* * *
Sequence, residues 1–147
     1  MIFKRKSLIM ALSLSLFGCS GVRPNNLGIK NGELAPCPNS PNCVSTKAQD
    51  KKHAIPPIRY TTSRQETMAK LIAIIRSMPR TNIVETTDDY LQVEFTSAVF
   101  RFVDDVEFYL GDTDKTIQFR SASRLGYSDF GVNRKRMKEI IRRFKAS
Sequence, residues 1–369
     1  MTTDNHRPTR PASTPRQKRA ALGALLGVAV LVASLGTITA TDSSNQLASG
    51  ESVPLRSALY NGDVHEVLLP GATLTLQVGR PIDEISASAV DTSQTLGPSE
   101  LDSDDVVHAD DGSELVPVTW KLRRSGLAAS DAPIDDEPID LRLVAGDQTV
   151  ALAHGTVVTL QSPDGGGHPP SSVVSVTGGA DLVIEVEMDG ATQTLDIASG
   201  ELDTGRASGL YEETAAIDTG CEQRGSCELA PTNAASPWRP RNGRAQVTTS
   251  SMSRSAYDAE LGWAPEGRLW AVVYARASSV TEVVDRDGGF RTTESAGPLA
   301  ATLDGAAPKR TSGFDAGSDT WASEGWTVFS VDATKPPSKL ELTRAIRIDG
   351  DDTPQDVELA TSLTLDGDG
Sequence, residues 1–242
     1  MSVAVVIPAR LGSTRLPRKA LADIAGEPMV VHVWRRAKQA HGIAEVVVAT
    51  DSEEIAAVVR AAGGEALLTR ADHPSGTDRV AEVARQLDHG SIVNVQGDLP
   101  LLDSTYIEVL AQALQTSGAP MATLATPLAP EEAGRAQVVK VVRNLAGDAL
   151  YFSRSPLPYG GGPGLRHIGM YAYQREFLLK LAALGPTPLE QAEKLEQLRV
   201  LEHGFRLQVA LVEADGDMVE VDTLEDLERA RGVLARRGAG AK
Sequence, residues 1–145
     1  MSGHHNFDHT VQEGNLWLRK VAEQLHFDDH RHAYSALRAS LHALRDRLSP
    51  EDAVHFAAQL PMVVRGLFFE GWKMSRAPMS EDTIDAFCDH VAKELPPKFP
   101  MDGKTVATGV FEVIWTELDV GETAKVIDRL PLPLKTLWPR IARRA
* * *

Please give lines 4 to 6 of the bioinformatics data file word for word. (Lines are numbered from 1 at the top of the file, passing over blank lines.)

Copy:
   101  RFVDDVEFYL GDTDKTIQFR SASRLGYSDF GVNRKRMKEI IRRFKAS
Sequence, residues 1–369
     1  MTTDNHRPTR PASTPRQKRA ALGALLGVAV LVASLGTITA TDSSNQLASG